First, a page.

Outten & Golden: Empowering Employees in the Workplace

Posts Tagged ‘worker’

Trade Deals Like the TPP Are Murdering American Manufacturing

Thursday, February 25th, 2016

Leo Gerard

In the week before Valentine’s Day, United Technologies expressed its love for its devoted Indiana employees, workers whose labor had kept the corporation profitable, by informing 2,100 of them at two facilities that it was shipping their factories, their jobs, their communities’ resources to Mexico.

A few workers shouted obscenities at the corporate official. Some walked out. Others openly wept as United Technologies shattered their hopes, their dreams, their means to pay middle-class mortgages.

Three days later, 1,336 workers at Philadelphia’s largest remaining manufacturer, Cardone, learned that company planned to throw them out too and build brake calipers in Mexico instead. Two weeks earlier, a Grand Rapids, Mich., company called Dematic did the same thing to its 300 workers.

No surprise. In the first decade of this century, America lost 56,190 factories, 15 a day.

Republican presidential candidates talk incessantly of building a physical wall to keep impoverished Mexican immigrants out of America. What they fail to offer is an economic barrier to prevent the likes of United Technologies and Cardone and Dematic from impoverishing American workers by exporting their jobs to Mexico.

The president of Carrier, owned by United Technologies, gathered the Indianapolis factory employees, skilled workers who earn an average of $20 an hour, and informed them that the corporation planned to kick them to the curb but expected them to perform to the highest standards until Carrier opened a new plant in Monterrey, Mexico, where workers will be paid $3 an hour.

Carrier President Chris Nelson told the group, “This was an extremely difficult decision.”

Such difficulties for poor, poor United Technologies! It was making a nice profit at its Indianapolis and Huntington factories. But it was not the big fat profit it could pocket by paying Mexican workers a mere $3 an hour, providing $3 an hour in health and pension benefits, and doing it all in the nation with the longest work weeks among the 36 countries in the Organization for Economic Co-operation and Development.

It would be “extremely difficult” for United Technologies to abandon Indiana after the corporation grabbed $530,000 from the pockets of hard-working Hoosiers over the past nine years as the state’s economic development agency forked over taxpayer cash to the corporation.

It would be even more “difficult” to turn its back on America considering that United Technologies grabbed $121 million from a federal tax credit program established specifically to ensure that green manufacturing jobs remained in the United States. Carrier took $5.1 million of those tax credits in 2013.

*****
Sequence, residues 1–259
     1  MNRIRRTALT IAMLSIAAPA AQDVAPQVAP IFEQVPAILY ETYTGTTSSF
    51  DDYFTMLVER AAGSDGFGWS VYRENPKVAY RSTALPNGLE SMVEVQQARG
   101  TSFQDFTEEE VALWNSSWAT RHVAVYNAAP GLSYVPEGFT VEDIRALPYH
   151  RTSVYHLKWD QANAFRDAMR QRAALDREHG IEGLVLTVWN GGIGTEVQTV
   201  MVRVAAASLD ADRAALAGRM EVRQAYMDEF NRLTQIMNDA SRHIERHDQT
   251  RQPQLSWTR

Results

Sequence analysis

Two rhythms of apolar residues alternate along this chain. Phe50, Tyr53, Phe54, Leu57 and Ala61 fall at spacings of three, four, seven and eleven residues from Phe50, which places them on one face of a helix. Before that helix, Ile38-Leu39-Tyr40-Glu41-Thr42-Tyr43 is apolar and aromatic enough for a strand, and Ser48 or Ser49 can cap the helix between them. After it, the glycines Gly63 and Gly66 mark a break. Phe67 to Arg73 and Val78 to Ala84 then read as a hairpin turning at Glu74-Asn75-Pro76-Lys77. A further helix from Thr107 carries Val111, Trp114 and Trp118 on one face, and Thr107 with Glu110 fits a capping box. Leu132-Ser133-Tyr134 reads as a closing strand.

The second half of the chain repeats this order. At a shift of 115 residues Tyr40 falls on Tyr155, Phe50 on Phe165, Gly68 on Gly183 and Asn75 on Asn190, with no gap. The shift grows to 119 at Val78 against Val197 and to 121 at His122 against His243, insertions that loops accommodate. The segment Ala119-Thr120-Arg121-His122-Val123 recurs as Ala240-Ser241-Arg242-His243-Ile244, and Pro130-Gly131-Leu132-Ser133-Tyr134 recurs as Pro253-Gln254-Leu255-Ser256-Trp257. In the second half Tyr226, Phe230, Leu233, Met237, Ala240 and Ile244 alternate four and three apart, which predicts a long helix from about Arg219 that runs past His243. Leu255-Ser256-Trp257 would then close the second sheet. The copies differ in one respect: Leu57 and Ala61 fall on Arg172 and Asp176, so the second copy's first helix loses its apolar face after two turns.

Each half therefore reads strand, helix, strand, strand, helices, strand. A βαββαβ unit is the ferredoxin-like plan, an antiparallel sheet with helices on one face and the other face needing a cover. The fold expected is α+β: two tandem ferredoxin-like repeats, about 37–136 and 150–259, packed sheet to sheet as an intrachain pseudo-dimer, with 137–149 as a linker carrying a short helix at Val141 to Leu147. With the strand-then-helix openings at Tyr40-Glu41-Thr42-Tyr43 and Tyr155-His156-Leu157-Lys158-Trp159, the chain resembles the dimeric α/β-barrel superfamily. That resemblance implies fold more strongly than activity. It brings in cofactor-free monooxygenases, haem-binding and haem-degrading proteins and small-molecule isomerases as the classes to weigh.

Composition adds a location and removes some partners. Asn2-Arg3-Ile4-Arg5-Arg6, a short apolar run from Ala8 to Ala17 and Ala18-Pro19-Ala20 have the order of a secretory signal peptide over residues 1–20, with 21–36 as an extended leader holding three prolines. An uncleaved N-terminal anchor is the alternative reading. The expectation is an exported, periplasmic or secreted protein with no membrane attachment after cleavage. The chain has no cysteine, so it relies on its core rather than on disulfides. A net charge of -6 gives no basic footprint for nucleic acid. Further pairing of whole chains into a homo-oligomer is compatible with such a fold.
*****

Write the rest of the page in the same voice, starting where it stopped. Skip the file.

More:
“This is strictly a business decision,” Nelson told the jeering workers. It wasn’t because of anything they had done. It was just that Mexico allows corporations to exploit its people in ways that America does not. Its minimum wage is 58 cents an hour, while the United States requires at least $7.25. For now, at least. Some GOP president candidates (Donald Trump) have said they think that’s too high.

The North American Free Trade Agreement (NAFTA) ensnared Mexican and American workers in a race to the bottom. And the proposed Trans-Pacific Partnership (TPP), a free trade deal among 12 countries instead of just three, would place American and Mexican workers in an even worse competition. They’d vie for jobs with forced and child labor in places like Brunei, Malaysia and Vietnam.

Under NAFTA, cheap American grain shipped to Mexico without tariffs destroyed peasant farming. And that prompted migration north. Meanwhile, American factories saw desperate Mexicans willing to work for a pittance, a government unwilling to pass or enforce environmental laws, and because of NAFTA, no tariffs when the goods were shipped back to the United States. That propelled factory migration south.

Before NAFTA, the United States had a small trade surplus with Mexico. That disappeared within a year, and now the annual trade deficit is approximately $50 billion.

Though it has been 22 years since NAFTA took effect, a report issued last week by the AFL-CIO says, “Labor abuses in many cases are worse now than before NAFTA … In short, NAFTA has contributed to labor abuses, not improvements.”